We often consider volunteering as giving our time to help others, yet research suggests it improves the physical and mental health of volunteers too. As we thank people across the UK for their contribution this #volunteersweek, we explore how organisations can maximise the benefits for all involved.

Why do People Work Unpaid?

Across the country, millions of people give their time to support others. Many community organisations only operate because of the generous donation of time given by local volunteers.

Volunteering takes many forms. You may have seen DIY SOS on the television, or have a child completing a Duke of Edinburgh Award. Teams of volunteers govern and fundraise for local schools, whilst many others stepped up to staff Covid vaccine centres.

Alongside the local sports team coaches and the charity shop staff, there are unofficial volunteering roles. Shopping for an elderly neighbour, campaigning on behalf of others and community litter-picking are just a few examples, but why do people work unpaid?

To start answering that question, here is some feedback from a few community centre volunteers:

“The news makes it difficult to believe anything positive is happening. Then you volunteer and see that hundreds of other people are doing the same. All this kindness is uplifting, it gives you hope.”

“I enjoy living in a community where there are things to do and where people look out for each other. Volunteering is my way of contributing towards that.”

“There’s been times when I’ve needed support from others. Now things have turned around, I want to repay the favour.”

“Some weeks I’m really busy and volunteering seems like another thing on the list. Then I go and people are happy to see me, they thank me and it feels good.”

Research has shown that volunteering is beneficial for both the individuals and organisations that are supported by volunteers, as well as for the volunteers themselves.

Volunteering boosts social connectivity, providing a sense of belonging and reducing isolation. It can develop skills and confidence, whilst opening up fresh opportunities. Volunteering gives a sense of pride, purpose and accomplishment. For many, it is a way to fulfil interests and values that are not met through work or other areas of life.

The NVCO has collated a wealth of research and information. Understanding the Impact of Volunteering on Volunteers* highlights the positive impact on physical and mental health.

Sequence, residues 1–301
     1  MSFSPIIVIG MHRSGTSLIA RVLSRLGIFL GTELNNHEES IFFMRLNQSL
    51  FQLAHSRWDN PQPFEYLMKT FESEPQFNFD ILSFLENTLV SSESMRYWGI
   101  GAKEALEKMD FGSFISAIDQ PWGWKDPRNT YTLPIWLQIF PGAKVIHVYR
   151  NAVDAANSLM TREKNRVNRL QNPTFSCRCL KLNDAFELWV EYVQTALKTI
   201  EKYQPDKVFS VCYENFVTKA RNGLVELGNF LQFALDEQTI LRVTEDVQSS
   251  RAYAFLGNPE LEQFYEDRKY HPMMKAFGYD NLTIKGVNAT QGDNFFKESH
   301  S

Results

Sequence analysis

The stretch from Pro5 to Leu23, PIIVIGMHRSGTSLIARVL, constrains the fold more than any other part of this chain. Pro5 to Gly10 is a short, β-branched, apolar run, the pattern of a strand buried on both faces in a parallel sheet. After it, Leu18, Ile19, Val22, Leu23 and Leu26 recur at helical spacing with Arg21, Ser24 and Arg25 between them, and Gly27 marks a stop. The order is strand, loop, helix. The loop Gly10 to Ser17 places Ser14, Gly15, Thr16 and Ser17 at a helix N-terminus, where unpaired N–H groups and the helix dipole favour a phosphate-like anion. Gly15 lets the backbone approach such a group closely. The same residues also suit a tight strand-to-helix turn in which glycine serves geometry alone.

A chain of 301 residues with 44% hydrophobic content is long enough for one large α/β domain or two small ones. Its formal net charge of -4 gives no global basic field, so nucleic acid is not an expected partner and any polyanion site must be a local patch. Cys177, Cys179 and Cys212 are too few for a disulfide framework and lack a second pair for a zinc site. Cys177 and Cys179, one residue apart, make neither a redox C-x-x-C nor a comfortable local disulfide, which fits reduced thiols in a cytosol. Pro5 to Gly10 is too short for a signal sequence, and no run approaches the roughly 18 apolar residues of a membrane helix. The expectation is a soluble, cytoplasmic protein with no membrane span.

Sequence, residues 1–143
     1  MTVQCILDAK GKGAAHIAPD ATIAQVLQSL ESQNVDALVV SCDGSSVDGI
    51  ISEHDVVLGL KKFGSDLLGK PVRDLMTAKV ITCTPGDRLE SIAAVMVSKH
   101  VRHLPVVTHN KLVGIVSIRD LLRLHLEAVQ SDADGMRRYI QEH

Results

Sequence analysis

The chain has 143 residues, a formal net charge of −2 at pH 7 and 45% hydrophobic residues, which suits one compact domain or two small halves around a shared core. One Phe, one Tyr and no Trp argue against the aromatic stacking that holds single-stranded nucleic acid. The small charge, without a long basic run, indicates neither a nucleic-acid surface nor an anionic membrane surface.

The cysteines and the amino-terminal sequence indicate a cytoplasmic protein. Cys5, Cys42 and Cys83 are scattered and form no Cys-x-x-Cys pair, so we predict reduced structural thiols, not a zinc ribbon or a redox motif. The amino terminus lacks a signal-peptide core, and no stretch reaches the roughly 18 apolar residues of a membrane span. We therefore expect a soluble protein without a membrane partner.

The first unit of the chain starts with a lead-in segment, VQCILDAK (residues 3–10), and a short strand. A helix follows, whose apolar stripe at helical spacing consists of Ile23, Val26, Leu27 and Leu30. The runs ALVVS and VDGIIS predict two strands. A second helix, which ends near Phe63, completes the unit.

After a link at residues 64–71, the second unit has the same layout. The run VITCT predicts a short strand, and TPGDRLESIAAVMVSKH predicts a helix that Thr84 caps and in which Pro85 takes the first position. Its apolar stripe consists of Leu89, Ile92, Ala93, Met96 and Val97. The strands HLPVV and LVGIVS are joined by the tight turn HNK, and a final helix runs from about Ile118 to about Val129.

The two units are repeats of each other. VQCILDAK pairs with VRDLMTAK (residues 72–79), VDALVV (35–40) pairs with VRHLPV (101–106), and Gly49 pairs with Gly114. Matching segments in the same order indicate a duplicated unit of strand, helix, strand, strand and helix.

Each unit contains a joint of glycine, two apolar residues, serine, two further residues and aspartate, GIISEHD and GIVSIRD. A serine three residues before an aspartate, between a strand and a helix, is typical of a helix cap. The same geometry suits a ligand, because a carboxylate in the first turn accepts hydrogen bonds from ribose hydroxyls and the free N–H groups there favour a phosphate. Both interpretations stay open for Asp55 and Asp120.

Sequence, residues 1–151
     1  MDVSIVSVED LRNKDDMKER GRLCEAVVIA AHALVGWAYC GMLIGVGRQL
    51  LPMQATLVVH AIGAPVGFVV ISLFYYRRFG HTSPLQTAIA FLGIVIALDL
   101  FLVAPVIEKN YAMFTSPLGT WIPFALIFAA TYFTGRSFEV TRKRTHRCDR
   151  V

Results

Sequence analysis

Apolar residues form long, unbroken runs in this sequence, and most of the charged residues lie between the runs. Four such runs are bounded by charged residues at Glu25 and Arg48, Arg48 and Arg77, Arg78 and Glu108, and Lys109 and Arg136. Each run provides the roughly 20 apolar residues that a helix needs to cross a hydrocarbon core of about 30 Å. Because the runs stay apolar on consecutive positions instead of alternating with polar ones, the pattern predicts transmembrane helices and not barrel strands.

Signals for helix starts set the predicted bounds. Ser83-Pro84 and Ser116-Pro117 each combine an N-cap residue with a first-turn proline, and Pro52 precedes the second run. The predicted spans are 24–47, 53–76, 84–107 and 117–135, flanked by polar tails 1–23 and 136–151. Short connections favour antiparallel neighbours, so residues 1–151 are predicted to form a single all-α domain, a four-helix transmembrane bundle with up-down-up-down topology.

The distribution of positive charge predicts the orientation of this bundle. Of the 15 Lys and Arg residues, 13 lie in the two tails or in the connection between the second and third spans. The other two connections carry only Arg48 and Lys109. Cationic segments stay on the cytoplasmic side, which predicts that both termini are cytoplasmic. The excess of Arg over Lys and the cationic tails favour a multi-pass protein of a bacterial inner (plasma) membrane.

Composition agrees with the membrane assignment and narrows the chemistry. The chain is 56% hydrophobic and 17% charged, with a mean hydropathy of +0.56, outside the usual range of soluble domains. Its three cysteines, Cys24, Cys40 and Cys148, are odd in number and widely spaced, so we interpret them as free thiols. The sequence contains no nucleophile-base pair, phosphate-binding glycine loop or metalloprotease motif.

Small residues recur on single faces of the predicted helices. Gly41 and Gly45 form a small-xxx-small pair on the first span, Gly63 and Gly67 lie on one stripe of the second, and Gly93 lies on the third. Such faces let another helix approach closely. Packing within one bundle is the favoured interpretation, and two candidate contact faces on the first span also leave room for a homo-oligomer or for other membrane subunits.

Maximising the Benefits of Volunteering

The NVCO article shows that the greatest reward comes when:

  • People choose to give their time, rather than being mandated to do so.
  • They are not volunteering for personal gain
  • Their time and skills are openly appreciated
  • There are opportunities to form connections and build relationships
  • Volunteering continues over a sustained period

These are important factors for organisations that depend on volunteers or those encouraging staff to volunteer as part of ESG programmes.

Inclusivity & Diversity in Volunteering

Whilst volunteering builds community integration, an article by Civil Society** shows that there is a lack of diversity in those taking on official volunteering roles. Some minority groups are under-represented, despite having much-needed skills and experience. Those from minority groups who do give their time also report fewer positive experiences.

In response to the findings, the NCVO encourages charities and not-for-profit organisations to review volunteer information to check that the language and images do not create barriers. They want diversity and inclusion to be embedded within every aspect of an organisation’s work.

They also encourage those trying to attract volunteers to think about variety. By offering a wider selection of roles, seeking out specific skills or requesting different levels of commitment, they can increase interest. As an example, are there roles that volunteers could undertake from home?

Every volunteer who is willing and able to give their time should be welcomed, supported in their role and appreciated. Let’s ensure that everyone reaps the rewards of contributing to, and improving, their community.

*https://www.ncvo.org.uk/images/documents/policy_and_research/Impactful-volunteering-understanding-the-impact-of-volunteering-on-volunteers.pdf

**https://www.civilsociety.co.uk/news/how-we-talk-about-volunteering-may-need-a-re-think-in-order-to-be-more-inclusive-ncvo-tells-charities.html#

Promoting Organisations that I’ve Volunteered For

Finally, as it is #volunteersweek, I am going to use this opportunity to promote two organisations that are close to my heart.

  1. I am a Co-founder of WASP – Workplace Awareness of Suicide Prevention. Follow WASP on LinkedIn to find out more about our campaign: https://www.linkedin.com/company/wasp-uk/
  2. I volunteered for Shout, a crisis text service. Find out more about their work and how you can get involved: https://giveusashout.org/